Dancing is one of the greatest things that people can do and it brings people together from all over. Whether you’re doing the tango, the salsa, the mambo, slow-dancing, or making a complete fool of yourself, you’re having a great time and all is right in the world. Too often though, people become insecure about dancing and some don’t even attempt to try! Well, that needs to change because dancing is unlike anything a person can experience and be a part of. So, I challenge y’all to go dancing sometime this week. Whether it’s at home, or out with friends, go dance!
As a child, Bruce Garrett (Nick Frost) lived for Salsa dancing and he was the absolute best at it. He and his sister Sam (Olivia Colman) were an unstoppable duo and they were working their way to the top, until the day everything changed. Before his biggest dance, Bruce is bullied by some jerks for wearing flashy clothes and is told that dancing is for girls, ultimately shattering Bruce’s whole world. After that, Bruce gave up dancing and grew up, ultimately working a day job in an office. It’s clear he’s not happy, but things turn around when a new boss takes the reigns and reignites some passion in his heart.
Julia (Rashida Jones) is the new boss and she easily grabs the attention of everyone in the office. As it turns out, she’s also into Salsa dancing and practices all the time. Bruce isn’t the only one interested in him, as his jerk of a co-worker Drew (Chris O’Dowd) also wants Julia and is somewhat proficient in Salsa dancing. Thus begins Bruce’s journey to learn to dance again, but he can only do it with the help of his old coach, Ron Parfitt (Ian McShane). Can he regain those lost skills and impress his new love, before Drew does?
Cuban Fury will reignite any passion for dancing that you’ve ever had and it’ll also leave you feeling pleasantly surprised. Salsa dancing is easy to spot, but it’s no easy feat to participate in it. The music will move you, but people are often too reserved to let it all out. Fortunately, there’s a lot of comedy to be had with those who aren’t “particularly suited” to salsa dance and with the encounters they’ll have with other people. Proving that he doesn’t need Simon Pegg, Nick Frost’s idea for this film works and it’s executed pretty well.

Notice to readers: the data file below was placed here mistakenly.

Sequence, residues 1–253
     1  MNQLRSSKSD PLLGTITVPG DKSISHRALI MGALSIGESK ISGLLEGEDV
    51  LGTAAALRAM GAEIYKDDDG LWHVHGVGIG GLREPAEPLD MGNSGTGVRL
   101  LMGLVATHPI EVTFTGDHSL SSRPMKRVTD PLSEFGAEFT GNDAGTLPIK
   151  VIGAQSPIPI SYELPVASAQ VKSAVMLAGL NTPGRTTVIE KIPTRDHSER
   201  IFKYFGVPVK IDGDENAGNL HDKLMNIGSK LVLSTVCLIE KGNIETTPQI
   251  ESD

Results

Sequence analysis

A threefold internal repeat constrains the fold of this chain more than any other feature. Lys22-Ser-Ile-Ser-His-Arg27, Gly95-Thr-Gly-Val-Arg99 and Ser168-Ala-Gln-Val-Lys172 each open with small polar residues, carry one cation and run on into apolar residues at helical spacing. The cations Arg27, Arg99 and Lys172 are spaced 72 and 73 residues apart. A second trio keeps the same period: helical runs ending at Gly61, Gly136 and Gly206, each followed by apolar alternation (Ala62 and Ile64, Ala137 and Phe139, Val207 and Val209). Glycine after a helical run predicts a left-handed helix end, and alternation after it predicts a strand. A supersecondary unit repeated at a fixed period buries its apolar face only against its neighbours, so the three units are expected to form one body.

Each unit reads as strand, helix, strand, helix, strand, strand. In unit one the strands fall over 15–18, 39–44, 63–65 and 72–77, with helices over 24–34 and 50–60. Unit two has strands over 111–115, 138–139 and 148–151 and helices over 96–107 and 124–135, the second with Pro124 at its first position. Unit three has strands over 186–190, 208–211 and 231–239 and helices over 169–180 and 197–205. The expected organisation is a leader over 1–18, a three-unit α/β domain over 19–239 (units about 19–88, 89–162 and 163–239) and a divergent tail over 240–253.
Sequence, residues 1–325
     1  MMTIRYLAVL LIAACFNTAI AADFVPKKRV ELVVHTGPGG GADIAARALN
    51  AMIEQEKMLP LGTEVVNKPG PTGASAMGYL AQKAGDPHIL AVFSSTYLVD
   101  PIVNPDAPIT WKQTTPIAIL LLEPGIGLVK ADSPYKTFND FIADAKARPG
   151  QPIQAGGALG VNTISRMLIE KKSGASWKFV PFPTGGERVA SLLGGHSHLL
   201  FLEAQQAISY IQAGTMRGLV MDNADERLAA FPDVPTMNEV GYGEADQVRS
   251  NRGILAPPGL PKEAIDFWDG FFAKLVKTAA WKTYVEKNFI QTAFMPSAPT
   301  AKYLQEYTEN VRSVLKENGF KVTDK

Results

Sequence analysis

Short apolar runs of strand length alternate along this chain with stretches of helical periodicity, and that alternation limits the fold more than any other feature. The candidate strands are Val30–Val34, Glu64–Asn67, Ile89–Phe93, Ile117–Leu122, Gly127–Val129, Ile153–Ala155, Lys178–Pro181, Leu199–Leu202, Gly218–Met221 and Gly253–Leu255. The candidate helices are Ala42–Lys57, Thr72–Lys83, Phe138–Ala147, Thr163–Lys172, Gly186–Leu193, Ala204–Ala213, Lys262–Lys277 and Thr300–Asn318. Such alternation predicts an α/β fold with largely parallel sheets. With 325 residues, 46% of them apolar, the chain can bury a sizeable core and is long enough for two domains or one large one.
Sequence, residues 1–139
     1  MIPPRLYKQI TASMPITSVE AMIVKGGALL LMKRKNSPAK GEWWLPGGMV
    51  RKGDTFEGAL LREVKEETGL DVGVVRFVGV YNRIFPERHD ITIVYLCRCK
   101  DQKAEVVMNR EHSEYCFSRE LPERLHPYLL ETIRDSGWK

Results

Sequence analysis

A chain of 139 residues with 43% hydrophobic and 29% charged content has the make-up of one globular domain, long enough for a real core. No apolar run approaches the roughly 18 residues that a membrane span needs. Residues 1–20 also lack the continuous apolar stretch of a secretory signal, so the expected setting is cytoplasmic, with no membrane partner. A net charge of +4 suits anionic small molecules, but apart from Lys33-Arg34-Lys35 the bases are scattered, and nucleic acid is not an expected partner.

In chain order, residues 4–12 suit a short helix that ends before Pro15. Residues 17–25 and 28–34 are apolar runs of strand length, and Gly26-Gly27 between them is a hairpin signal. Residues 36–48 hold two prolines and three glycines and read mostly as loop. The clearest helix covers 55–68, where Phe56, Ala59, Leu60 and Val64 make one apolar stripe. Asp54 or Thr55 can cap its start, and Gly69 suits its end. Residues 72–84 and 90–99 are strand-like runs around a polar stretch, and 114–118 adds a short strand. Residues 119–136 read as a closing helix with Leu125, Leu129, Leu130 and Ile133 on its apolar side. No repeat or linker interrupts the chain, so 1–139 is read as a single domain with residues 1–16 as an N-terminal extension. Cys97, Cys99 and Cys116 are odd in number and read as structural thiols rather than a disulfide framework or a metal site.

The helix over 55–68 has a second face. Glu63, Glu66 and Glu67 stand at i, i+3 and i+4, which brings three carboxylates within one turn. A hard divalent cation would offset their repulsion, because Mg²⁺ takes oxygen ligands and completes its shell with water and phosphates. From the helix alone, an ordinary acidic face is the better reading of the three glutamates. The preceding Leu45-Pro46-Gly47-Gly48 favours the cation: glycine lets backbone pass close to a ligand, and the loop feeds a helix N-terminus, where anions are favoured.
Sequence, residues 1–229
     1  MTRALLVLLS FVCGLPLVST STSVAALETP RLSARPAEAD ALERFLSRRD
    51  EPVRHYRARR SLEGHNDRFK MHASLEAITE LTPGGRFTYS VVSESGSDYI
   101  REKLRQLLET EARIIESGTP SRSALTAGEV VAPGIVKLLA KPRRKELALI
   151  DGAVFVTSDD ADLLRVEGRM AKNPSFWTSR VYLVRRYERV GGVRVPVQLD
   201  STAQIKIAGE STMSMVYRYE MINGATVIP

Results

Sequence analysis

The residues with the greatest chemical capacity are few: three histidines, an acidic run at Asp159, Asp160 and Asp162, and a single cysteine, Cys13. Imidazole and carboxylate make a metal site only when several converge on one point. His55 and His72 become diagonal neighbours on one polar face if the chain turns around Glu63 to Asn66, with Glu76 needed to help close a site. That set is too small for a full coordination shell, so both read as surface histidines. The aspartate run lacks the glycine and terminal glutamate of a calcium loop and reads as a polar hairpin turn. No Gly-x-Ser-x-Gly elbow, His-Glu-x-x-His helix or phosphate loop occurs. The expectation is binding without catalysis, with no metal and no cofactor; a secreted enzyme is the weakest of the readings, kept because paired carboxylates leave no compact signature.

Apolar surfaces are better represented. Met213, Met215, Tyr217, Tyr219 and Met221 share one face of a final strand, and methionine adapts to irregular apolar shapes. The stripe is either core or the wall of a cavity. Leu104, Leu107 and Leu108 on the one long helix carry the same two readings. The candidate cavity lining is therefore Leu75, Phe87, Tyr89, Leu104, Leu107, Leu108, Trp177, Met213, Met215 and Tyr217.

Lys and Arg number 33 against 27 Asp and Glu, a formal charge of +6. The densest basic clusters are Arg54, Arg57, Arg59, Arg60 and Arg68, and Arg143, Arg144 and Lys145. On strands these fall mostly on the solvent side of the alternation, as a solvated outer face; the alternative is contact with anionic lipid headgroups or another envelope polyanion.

Nick Frost, known as the other half of films such as Shaun of the Dead, Hot Fuzz, Paul, and The World’s End, is on his own here and he’s magnificent. His lovable and realistic character offers up a lot of great laughs and emotion as he struggles to get back into the groove and defeat his work nemesis. The greatest thing, aside from Frost’s perfect timing, is his dancing ability because he’s really great. He’s so easy to root for and he keeps you consistently entertained. His opposite, O’Dowd, is a riot and he’s always cracking wise and leaving a lasting impression. Their feud is hilarious and the two work well off of one another.
Rashida Jones also holds her own, especially on the dance floor. Whether she’s awkwardly flirting with Frost, or deflecting O’Dowd’s advances, she fits right in and always brings a smile to your face. H is hilarious as Frost’s gay compatriot who re-outfits him and gets him ready for the big leagues and the two have some hilarious dialogue between them. Colman, a regular in Frost’s films, excels as well and all of the British humor you know and love doesn’t fail to entertain.
The dancing in this film is marvelous and equally inspiring. Watching the characters find freedom in the rhythm and the music is insanely thrilling and part of me wanted to join as the music swelled. Dance battles are a big component of this film and while most are stylish and professional, others are goofy and a ton of fun to watch. These actors did a lot of their own moves and that made the film even more enjoyable.
The film does fall flat when there’s no dancing going on and the focus shifts to Frost’s friends. They’re idiotic and their conversations go nowhere, meaning that you’re sitting there waiting for things to end. A lot of the jokes are hit-or-miss and there is never enough O’Dowd. The film’s not about him, but he’s just got the best presence on-screen and he had me howling in laughter. Unfortunately, I didn’t laugh like that during the rest of the movie. There’s also a good deal of time devoted to Ian McShane’s character who did absolutely nothing for me.
Cuban Fury is one of the better dance movies that I’ve seen (I’m looking at you all 8,000 Step-Up movies) and it doesn’t rely on new flashy dance forms (though those are cool) to win you over. The script is pretty funny and Frost and O’Dowd have great chemistry together. The two each bring their own comedic style that’s only heightened by their dancing rivalry. It’s not a consistently funny movie, but it brings enough joy and laughs to keep you entertained. Long live the comedic power of Nick Frost!
Cuban Fury Trailer